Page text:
Broidy Ending Playmate’s Hush Payments Doesn’t Add Up — Unless He’s Covering for Trump

What’s really going on between Elliott Broidy, Shera Bechard, and Donald Trump? Photo: WWD/Rex/Shutterstock; Getty

The strange saga of Republican lobbyist Elliott Broidy and former Playboy Playmate Shera Bechard has taken a particularly strange twist. Broidy signed a nondisclosure agreement with Bechard sometime in late 2017, in which he promised to pay her $1.6 million in eight quarterly installments, in exchange for her silence regarding an affair, and a subsequent pregnancy and abortion.

The existence of this NDA was revealed in April, when The Wall Street Journal ran a story that claimed the affair in question was between Broidy and Bechard. (Broidy released a rather equivocal statement to the Journal, which appeared to admit to this, without ever explicitly doing so.)

I’ve argued that a great deal of circumstantial evidence points to the affair being between Donald Trump and Bechard, and that Broidy entered into the NDA to silence Bechard as a favor to Trump. Trump, according to this theory, repaid Broidy by agreeing to at least two Oval Office meetings, at which Broidy lobbied for the interests of the United Arab Emirates against the UAE’s Gulf state rival Qatar. The UAE then rewarded Broidy’s firm with a $600 million defense contract.

Now, after making two of the eight payments — the third was due yesterday — Broidy is backing out of the deal. His reasons for doing so make very little legal or practical sense, at least if you assume Broidy actually did have an affair with Bechard.

Broidy’s lawyer in this matter, Chris Clark of Latham & Watkins, is claiming the agreement is “null and void” because Bechard’s former lawyer, Keith Davidson (who also represented Stormy Daniels and Karen McDougal, and who has been fired by all three women because they independently concluded that he was colluding with Trump’s lawyer, Michael Cohen) improperly disclosed aspects of the NDA to Daniels’s current lawyer, Michael Avenatti.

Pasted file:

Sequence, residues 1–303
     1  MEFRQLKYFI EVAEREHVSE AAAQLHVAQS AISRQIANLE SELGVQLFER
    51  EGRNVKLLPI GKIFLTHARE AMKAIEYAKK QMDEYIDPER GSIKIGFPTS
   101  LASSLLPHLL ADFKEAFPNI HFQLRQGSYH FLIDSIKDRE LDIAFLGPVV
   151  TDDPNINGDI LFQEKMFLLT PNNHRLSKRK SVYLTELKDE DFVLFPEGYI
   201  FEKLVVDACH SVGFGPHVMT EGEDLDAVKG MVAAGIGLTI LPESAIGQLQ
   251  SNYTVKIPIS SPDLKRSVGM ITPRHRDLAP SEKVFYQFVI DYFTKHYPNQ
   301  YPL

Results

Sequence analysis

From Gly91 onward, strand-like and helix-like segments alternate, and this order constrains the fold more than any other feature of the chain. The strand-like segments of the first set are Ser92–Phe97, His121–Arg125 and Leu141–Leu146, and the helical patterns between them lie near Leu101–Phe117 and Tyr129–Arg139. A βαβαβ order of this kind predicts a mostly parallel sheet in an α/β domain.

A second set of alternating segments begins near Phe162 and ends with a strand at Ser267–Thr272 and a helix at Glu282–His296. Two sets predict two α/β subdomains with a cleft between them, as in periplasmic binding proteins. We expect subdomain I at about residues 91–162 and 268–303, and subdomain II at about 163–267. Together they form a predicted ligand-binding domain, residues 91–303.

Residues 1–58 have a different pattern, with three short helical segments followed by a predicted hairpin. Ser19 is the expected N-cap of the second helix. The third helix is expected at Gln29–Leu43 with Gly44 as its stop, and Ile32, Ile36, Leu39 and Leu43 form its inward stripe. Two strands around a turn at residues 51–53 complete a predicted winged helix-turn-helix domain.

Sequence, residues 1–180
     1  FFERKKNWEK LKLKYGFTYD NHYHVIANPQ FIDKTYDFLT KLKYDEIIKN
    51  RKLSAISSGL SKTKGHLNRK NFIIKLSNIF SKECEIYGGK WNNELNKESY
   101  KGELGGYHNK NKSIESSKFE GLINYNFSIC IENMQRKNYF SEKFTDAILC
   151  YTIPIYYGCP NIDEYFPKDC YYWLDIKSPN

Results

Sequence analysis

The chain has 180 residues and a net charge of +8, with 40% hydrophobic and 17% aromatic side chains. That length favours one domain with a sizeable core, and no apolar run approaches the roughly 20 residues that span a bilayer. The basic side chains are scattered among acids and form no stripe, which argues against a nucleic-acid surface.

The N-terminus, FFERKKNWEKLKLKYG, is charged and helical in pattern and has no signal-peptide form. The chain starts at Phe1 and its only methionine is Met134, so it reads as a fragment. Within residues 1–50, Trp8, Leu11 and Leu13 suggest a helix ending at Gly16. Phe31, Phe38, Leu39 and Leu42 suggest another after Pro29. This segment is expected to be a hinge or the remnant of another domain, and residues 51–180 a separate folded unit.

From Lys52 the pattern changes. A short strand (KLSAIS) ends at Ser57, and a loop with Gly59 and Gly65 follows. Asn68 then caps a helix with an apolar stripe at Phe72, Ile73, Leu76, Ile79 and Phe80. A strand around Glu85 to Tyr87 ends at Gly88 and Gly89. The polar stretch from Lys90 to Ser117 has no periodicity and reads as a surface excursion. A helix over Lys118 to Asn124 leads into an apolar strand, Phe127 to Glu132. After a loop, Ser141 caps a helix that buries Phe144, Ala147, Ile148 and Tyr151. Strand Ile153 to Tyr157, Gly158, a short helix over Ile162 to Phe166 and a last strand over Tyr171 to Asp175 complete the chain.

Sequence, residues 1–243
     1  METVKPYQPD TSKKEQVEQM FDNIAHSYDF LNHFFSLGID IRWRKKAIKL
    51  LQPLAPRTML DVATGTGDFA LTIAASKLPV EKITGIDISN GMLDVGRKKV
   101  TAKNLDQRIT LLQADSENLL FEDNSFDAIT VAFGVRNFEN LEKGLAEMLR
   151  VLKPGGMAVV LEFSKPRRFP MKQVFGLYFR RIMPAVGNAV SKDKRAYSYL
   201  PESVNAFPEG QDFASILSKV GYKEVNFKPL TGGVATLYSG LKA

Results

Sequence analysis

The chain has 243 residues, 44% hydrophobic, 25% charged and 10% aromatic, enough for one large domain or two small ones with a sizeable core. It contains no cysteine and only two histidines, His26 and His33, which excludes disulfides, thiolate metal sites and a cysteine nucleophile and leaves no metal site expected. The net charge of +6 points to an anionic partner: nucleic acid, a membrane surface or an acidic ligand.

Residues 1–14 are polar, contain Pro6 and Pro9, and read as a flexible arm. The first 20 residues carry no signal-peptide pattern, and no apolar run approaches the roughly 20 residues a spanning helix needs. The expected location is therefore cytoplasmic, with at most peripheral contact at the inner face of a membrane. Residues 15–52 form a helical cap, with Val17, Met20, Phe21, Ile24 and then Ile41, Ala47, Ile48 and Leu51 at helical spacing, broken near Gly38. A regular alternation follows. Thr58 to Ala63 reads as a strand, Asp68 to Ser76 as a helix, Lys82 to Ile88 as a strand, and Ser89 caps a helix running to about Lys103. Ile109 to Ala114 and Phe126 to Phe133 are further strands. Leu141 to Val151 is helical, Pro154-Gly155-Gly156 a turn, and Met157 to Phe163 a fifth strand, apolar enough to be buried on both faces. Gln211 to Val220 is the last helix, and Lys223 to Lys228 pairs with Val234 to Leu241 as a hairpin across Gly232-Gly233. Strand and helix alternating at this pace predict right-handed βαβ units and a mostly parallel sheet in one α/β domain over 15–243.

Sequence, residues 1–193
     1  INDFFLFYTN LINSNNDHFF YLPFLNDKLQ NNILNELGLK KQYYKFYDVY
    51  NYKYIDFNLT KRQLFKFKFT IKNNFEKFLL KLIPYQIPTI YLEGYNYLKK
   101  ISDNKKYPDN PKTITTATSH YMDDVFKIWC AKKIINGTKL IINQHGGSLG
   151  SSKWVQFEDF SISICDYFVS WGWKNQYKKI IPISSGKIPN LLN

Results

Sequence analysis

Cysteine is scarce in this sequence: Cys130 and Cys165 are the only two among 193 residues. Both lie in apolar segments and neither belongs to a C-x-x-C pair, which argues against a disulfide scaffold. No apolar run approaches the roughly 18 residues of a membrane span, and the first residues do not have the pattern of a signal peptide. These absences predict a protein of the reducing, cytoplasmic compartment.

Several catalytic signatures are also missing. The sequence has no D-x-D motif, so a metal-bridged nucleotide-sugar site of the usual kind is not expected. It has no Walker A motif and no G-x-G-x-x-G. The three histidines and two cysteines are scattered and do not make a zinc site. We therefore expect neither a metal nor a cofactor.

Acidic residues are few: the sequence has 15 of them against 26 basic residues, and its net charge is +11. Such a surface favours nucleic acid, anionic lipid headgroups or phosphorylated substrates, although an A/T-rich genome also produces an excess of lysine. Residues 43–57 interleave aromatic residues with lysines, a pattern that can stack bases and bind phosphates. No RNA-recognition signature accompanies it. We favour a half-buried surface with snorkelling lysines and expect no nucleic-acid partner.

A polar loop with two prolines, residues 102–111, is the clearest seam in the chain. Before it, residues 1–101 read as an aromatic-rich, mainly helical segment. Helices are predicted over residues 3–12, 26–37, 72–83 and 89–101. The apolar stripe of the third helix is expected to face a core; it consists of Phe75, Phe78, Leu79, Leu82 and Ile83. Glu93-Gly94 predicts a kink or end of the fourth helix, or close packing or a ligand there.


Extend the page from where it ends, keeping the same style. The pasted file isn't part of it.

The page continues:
There are several reasons why this argument doesn’t appear to make any sense:

• Even if Davidson improperly disclosed information to Avenatti (he denies doing so), such a disclosure wouldn’t be legal grounds for voiding the agreement between Broidy and Bechard. Broidy’s remedy in this situation would be to sue Davidson for damages, not to unilaterally cancel his agreement with Bechard. After all, there’s no allegation that Bechard violated the agreement, and, at the time Davidson allegedly did so, he wasn’t even Bechard’s lawyer anymore.

• If Broidy is doing this to try to save money, he’s making a very odd calculation. He still owes $1.2 million to Bechard, which certainly isn’t a trivial sum, even for someone as rich as he appears to be. But using Latham & Watkins to litigate the matter (disclosure: I was once an associate at this firm) would surely eliminate a great deal if not all of any potential savings from not going through with the agreement, even assuming — which at the moment seems highly optimistic — that Broidy would eventually prevail on the merits.

• Chris Clark is a white-collar criminal-defense lawyer. Indeed, Broidy employed Clark when he was prosecuted a decade ago for bribing officials in the New York State comptroller’s office (Clark worked out a plea deal, in which Broidy testified against seven officials in exchange for pleading guilty to a single felony charge). Why is Broidy using a criminal-defense specialist to litigate a contract dispute? One possibility here is that Broidy is backing out of the contract on Clark’s advice, because the NDA is actually a bribe to Trump, and, by not paying the rest of that bribe, Clark’s client would be lessening his criminal liability.

• By claiming that their agreement is void, Broidy is putting Bechard in a position to tell her story — whatever it may actually be — in whatever forum she likes.

I suspect this last point contains a key to understanding why Broidy is trying to back out of the agreement now.  Perhaps like so many other people, Broidy has concluded that Donald Trump is a bad business partner.

Update: After this story appeared, I was contacted by a public relations firm hired by Elliott Broidy. The firm offered the following comment from Chris Clark:

“I’ve been Elliott’s lawyer for years on a wide variety of topics and this agreement was not on anyone else’s behalf.”

Repeated attempts on my part to get Broidy to go on the record with a statement that he had a sexual affair with Shera Bechard have failed to elicit any such statement from either Broidy himself or his representatives.